Lisa Bonnice answers the question:
What is the nicest thing a non-family member has ever done for you?
Okay, I really love this question because it gave me a good reason to look back on all the really, really lovely things that people have done for me over the years, especially because life can sometimes feel like no one cares. But when you have the opportunity to look back, when you're asked a question like this, you can see that they really do, if you bother to look for it.
I think that the most life-changing, nice thing that anyone has ever done, it was Neale Donald Walsch, someone that I barely knew. But let me back up. All my life, I've known that I'm here to be a writer. When I was in grade school, my favorite book was Harriet the Spy because Harriet wanted to be a writer and she was always writing in her notebook and I did the same. I was constantly scrawling in my little notebook and I had quite a collection of them. And I would love to see them today. I have no idea whatever happened to them... lost it in a move, no doubt. Anyway, so I started writing my first novel in elementary school. So I've always known that I was going to be a writer when I grew up.
So now let's go ahead and fast forward many years. I had just self-published my first book, and it was called Addressing the Goo: The Metaphysics of Weight Loss. And I just loved that title; it came to me on a flaming pie. To me, the goo was the essence of is-ness, the pliable, malleable stuff from which all matter is formed and when you address it, you're telling it how you want it to solidify. And I had lost 50 pounds while writing this so the title seemed fun to me, that it was the metaphysics of weight loss.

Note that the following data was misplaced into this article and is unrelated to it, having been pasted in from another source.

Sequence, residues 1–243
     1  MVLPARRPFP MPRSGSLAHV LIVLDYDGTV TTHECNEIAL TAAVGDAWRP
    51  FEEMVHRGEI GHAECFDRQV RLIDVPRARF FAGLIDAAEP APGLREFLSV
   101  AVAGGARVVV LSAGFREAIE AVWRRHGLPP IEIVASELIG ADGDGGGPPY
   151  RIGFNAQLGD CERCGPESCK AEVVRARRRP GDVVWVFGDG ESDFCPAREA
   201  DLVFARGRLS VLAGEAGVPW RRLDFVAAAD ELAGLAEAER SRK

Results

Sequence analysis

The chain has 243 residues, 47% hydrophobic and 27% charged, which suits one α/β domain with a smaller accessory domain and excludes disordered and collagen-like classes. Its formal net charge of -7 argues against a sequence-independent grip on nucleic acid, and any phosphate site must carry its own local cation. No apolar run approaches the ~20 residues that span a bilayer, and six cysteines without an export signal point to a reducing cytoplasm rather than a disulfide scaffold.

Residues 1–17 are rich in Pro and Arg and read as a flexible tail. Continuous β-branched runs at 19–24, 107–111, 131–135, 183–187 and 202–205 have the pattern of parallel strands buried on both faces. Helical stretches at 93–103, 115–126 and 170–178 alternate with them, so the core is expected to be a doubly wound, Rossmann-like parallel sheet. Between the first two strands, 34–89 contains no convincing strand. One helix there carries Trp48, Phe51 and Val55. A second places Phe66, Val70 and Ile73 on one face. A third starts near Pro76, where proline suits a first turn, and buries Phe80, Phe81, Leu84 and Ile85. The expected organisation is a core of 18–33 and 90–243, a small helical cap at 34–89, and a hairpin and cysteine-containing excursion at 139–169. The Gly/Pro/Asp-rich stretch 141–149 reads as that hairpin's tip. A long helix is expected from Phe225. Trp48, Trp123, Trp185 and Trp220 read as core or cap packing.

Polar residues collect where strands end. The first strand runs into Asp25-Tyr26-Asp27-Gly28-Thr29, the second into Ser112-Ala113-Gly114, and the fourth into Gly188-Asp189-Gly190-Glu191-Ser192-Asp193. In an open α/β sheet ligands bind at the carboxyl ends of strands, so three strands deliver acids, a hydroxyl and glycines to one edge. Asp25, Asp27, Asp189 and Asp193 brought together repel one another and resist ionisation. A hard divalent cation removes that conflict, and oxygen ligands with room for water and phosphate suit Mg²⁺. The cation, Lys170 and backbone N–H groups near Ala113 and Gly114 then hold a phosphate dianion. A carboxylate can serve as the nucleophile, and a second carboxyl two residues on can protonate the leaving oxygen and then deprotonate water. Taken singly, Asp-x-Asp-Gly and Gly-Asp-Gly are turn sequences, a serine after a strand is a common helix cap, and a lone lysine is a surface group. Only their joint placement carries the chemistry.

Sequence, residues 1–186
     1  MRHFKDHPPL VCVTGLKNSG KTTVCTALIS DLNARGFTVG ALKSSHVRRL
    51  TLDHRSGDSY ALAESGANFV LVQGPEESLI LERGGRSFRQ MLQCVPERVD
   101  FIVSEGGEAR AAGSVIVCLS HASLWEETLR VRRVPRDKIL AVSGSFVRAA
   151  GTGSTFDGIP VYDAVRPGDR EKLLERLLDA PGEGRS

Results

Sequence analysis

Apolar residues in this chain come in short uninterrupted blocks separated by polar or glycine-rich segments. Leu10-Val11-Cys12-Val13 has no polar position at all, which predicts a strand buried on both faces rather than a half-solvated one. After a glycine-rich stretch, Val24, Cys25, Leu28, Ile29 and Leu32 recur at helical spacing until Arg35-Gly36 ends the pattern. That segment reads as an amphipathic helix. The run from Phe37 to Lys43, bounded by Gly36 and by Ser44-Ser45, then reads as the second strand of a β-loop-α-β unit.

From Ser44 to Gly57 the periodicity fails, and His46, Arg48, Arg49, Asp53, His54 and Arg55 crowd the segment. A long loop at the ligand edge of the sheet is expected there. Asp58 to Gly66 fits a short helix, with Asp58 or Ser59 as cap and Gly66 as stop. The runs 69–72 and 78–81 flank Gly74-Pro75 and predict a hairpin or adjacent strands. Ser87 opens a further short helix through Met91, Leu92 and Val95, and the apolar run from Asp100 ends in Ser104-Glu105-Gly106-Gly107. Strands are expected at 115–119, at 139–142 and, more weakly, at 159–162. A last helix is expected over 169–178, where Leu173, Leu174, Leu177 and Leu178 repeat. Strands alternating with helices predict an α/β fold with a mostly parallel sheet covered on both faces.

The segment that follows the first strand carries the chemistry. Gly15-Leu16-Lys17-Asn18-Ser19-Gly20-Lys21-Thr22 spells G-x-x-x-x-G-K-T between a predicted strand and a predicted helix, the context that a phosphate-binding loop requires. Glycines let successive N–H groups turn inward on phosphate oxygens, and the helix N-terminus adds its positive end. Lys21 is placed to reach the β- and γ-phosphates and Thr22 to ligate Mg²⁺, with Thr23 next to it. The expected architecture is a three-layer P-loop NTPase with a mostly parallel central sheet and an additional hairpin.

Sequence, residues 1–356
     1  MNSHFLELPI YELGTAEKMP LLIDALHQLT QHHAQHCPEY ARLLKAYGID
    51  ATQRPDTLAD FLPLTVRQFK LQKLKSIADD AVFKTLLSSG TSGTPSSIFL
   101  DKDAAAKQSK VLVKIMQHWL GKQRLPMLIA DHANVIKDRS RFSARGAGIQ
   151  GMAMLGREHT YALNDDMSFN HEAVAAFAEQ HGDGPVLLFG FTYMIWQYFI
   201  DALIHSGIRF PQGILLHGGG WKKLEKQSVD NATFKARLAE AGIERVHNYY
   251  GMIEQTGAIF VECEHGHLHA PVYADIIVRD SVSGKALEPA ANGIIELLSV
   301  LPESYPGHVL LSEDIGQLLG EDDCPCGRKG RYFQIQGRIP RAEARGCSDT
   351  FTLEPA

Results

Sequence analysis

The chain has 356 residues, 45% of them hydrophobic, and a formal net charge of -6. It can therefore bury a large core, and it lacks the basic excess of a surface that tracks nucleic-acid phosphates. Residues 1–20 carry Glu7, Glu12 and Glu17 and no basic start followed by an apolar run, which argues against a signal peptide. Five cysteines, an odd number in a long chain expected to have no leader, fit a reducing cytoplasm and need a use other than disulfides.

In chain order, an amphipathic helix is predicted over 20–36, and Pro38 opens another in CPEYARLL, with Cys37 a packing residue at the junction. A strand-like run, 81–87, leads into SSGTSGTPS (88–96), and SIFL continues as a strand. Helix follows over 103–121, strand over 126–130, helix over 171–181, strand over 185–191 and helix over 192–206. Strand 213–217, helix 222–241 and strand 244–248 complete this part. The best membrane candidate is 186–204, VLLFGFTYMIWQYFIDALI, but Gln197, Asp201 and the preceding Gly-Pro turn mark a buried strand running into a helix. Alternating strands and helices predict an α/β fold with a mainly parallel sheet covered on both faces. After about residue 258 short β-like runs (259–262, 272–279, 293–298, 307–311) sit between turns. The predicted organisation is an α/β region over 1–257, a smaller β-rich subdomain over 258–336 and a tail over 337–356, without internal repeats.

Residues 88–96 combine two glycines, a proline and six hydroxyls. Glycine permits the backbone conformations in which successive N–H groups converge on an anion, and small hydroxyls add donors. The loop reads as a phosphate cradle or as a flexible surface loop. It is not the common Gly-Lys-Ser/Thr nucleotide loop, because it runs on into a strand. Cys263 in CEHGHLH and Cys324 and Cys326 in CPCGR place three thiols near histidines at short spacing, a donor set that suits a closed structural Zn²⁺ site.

Shortly after publishing it, I was at a Humanities Team conference in Santa Barbara — and Humanities Team is an organization founded by Neale Donald Walsch. I was there representing the state of Florida; I was a Florida state coordinator. Neale was there and he made an announcement on the first evening that he wanted all of us to track him down, sometime over the weekend, and introduce ourselves, and he wanted to meet everyone, which was kind of exciting because he was Neale Donald Walsch.
I had brought a few copies of my new book with me to give to friends and to new people that I was meeting. And it just so happened that when I ducked away from one of the conference sessions to see if I could track Neale down and say hello, I found him in the cafeteria, literally, just as he was picking up a copy of my book that I had given to someone. And he said, "Oh, this looks cool." So I stepped up and said, "Thanks. I wrote it." And he asked if I had an extra copy that he could have, and of course I did. So I pulled one out of my backpack and shyly handed it to him, and then we sat down to chat, and I was too cowed by his bestseller presence to talk about my little book. Sort of an "I'm not worthy" kind of thing.
So we talked about other things and we discovered that we had a lot in common. We'd both lived in Milwaukee and we'd both performed standup comedy and both had issues with the church. Anyway, my few minutes were quickly over and I went back to the conference, which was already in progress. I was on cloud nine already when Neale made a point to track me down and find me out of all those people to tell me that he'd been flipping through the book and he just absolutely loved it. He went on and on about it, that he'd never seen anything like it and he wanted to do whatever he could to help me get it out there. And he gave me his contact information, his phone number and email address, and offered to write a foreword for the next edition. But he also asked me to change the title because he just didn't like it. He didn't get the flaming pie. But you know, mama didn't raise no fools. So, all right, I'll change the title.